Louisa County does not have the worst statistics when it comes to the opioid problem, but it is hardly immune. Emergency workers answered more than 60 calls in the county over the past year for people who had overdosed on drugs. The actual numbers are likely to be higher, since not everyone calls 911. Four people died in the county in 2017 from drug use, two of them from prescription opioids.
A group of attorneys approached the Louisa County Board of Supervisors at a May 21 meeting to invite the county to participate in a lawsuit against drug manufacturers and distributors. The attorneys, who are based in Missouri, Alabama and Southwest Virginia, are acting as part of a wave of suits filed in recent months in local and federal courts. Some lawyers have also sued pharmacy benefit managers such as Express Scripts and CVS Health.
There is no upfront cost for the county if it joins the lawsuit. If the attorneys are successful, they would claim 25 percent of the winnings as their fee. Expenses related to the legal action would also be deducted from the county’s share. The more counties that participate in the lawsuit, the lower the expenses would be for each county involved. The county could also be liable for its share of costs if a lawsuit fails.
The supervisors took no action on the matter this month but said they would consult with County Attorney Sandra Robinson.
Some supervisors are skeptical of the rationale for targeting drug makers and distributors, since there are other parties that could also be held responsible, such as health insurance companies and the prescribers themselves.
“There’s a major distributor in this county — the doctors,” Supervisor Willie Gentry (Cuckoo district) said.
The number of prescriptions for opioids issued in Louisa County in 2016 was 49.8 per 100 residents, according to the United States Centers for Disease Control. In some Virginia counties, several hundred prescriptions were issued per 100 residents in a recent year.
Joey Dumas, the Mobile, Alabama attorney who joined colleagues from Missouri and Abingdon, Virginia at the supervisors’ meeting, said his group is “going after the head of the monster” by targeting drug manufacturers.
The attorneys believe drug makers have failed to properly label their products to inform doctors and patients of the dangers of overuse of prescription opioids. As for distributors such as AmerisourceBergen and McKesson, the lawyers say these and other companies have not reported suspiciously large orders for pharmaceuticals to law enforcement. These orders often do not match well with the areas where they are sold.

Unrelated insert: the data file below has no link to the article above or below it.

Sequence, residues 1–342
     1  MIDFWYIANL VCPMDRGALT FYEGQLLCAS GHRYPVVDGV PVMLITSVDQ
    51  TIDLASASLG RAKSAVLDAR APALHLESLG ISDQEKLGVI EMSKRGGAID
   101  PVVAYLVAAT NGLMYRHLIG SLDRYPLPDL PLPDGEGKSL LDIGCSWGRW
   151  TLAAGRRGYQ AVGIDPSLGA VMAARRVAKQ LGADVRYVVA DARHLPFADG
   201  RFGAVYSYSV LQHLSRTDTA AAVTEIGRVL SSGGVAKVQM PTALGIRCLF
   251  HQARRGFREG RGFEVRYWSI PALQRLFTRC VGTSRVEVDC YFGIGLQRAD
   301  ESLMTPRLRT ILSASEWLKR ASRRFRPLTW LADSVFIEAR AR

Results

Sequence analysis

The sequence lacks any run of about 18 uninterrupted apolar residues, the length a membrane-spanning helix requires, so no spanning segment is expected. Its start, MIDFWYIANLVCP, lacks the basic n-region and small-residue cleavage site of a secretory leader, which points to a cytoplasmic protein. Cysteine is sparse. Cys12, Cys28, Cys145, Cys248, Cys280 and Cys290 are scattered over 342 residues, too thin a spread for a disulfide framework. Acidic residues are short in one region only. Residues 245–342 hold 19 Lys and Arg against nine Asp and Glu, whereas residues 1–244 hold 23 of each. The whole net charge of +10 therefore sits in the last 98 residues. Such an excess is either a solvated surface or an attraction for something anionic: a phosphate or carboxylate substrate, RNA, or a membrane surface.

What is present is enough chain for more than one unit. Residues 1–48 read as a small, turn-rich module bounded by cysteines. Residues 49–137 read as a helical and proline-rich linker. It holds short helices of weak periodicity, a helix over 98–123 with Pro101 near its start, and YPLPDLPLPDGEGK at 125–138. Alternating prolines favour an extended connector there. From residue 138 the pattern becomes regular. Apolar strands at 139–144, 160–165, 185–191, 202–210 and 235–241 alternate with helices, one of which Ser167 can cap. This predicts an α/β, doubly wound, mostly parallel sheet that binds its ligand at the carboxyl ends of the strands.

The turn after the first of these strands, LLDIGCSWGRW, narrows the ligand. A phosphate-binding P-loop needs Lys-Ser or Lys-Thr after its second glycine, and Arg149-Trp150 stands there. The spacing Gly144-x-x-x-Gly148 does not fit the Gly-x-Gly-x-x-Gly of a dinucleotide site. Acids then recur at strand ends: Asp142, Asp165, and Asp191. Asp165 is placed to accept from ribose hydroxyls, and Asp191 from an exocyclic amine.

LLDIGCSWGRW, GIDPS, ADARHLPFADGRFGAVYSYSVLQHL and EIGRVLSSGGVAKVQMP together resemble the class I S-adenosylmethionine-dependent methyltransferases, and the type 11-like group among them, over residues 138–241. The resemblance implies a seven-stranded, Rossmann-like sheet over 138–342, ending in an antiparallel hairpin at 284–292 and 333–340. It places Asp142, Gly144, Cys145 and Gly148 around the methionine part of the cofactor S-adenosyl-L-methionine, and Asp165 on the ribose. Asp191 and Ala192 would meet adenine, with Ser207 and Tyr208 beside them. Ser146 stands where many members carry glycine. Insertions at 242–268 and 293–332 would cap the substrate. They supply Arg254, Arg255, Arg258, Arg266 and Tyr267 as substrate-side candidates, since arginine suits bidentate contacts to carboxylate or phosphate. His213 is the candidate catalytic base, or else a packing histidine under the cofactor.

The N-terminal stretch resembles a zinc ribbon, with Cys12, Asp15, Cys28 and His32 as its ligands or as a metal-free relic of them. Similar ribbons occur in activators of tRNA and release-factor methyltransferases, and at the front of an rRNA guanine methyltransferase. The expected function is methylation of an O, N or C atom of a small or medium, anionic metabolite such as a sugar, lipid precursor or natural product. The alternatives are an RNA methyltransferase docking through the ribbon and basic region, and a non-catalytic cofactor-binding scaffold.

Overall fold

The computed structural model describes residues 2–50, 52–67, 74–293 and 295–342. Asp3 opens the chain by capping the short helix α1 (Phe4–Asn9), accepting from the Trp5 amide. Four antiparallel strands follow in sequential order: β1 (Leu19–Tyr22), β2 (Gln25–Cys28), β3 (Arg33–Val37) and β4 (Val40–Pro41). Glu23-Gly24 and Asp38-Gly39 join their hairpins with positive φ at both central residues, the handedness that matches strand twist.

“Manufacturers profit the most — the more sold, the better,” Eric Barton, an attorney for Wagstaff and Cartmell, the Missouri-based law firm, said. “The [distributors] are only allowed to market as the label allows, but they’ve marketed much more broadly. Nobody’s ever stopped them.”
The attorneys present at the supervisors’ meeting included Helen Phillips, who is based in Abingdon but provides legal services to Central Virginia Regional Jail in Orange. Louisa County sends people it arrests to the jail, including a significant number locked up either for drug offenses or related crimes such as larceny.
Supervisor Troy Wade (Louisa district) is chairman of the jail authority. He said that group talks frequently about the role of opioids in the jail’s escalating costs in recent years.
It’s not just law enforcement, the jail and the courts where the effects are felt. Drugs have dislocated multiple families in the county.
“We can definitely say we have been impacted,” Janice Allen, who directs Louisa County’s department of human services, said. Her staff has seen a rise in the number of families affected in various ways, including, in some cases, infants exposed to opioids.
Barton and Dumas said 500 counties nationally have joined legal actions against drug manufacturers and distributors since 2017. Several Southwest Virginia counties did so earlier this year. Louisa is the first county in Central Virginia contacted by the lawyers, Barton said. His group’s strategy is to find a set of localities in the region to group together as part of a single lawsuit.